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    Volcanism resulting from hotspots occurs in both the Atlantic and Pacific ocean, but are more evident on the sea floor of the Pacific Ocean, because the plates here move at higher velocity than those under the Atlantic Ocean. A hot spot trace shows up as a linear chain of islands and seamounts, many of which can be seen in the Pacific Ocean. The Hawaiian Ridge is one such hot spot trace. Here the Big Island of Hawaii is currently over the hot spot, the other Hawaiian islands still stand above sea level, but volcanism has ceased. Northwest of the Hawaiian Islands, the volcanoes have eroded and are now seamounts.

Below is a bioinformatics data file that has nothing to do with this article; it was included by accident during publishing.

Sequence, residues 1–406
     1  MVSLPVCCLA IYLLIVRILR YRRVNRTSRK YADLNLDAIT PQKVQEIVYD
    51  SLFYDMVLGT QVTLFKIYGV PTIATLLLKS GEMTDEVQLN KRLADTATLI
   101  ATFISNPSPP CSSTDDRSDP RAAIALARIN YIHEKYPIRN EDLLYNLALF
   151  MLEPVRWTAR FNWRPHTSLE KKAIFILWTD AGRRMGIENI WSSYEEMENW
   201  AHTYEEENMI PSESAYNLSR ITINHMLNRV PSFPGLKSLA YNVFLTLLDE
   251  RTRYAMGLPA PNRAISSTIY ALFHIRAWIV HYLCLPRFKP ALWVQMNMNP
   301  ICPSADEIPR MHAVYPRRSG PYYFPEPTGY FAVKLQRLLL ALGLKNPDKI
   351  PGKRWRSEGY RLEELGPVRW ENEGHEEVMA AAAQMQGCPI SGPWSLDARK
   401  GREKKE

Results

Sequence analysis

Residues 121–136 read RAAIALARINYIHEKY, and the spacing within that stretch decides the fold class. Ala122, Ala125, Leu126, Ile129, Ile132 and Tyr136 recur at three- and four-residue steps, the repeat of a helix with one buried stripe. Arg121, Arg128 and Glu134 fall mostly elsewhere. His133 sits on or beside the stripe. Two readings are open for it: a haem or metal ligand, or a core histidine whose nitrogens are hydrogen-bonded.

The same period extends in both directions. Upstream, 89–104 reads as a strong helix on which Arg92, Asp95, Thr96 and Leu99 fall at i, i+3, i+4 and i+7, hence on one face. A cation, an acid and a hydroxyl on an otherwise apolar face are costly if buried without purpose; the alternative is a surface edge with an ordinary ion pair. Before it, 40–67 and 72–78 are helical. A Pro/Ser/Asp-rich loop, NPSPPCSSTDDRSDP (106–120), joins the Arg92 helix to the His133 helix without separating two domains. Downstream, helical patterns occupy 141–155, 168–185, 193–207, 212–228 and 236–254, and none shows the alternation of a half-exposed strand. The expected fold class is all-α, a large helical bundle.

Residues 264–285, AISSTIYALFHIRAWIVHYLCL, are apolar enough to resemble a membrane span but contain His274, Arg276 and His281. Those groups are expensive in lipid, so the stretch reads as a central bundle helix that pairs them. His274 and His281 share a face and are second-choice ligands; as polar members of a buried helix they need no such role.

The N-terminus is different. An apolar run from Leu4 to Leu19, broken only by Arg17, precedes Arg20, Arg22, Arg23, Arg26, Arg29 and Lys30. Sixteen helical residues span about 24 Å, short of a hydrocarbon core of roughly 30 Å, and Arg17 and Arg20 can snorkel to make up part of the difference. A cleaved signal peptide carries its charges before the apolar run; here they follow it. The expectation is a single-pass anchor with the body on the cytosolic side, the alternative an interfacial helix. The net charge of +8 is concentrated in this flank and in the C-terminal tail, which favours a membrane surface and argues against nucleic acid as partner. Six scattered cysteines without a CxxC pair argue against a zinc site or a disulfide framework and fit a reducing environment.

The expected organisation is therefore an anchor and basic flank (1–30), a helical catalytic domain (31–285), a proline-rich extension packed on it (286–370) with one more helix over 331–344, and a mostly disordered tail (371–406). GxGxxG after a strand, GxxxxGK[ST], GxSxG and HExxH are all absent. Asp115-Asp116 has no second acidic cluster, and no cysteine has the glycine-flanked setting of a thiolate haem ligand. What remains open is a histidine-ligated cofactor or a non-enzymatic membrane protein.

The ages of volcanic rocks increase along the Hawaiian Ridge to the northwest of Hawaii. The prominent bend observed where the Hawaiian Ridge intersects the Emperor Seamount chain has resulted from a change in the direction of plate motion over the hot spot. Note that when the Emperor Seamount chain was produced, the plate must have been moving in a more northerly direction. The age of the volcanic rocks at the bend is about 50 million years.
LinearIslands.GIF (19512 bytes)Source:http://www.tulane.edu

About Rashid Faridi

I am Rashid Aziz Faridi ,Writer, Teacher and a Voracious Reader.
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One Response to Volcanic Landforms,Volcanoes and Plate Tectonics

  1. Pingback: VOLCANOES | Rashid's Blog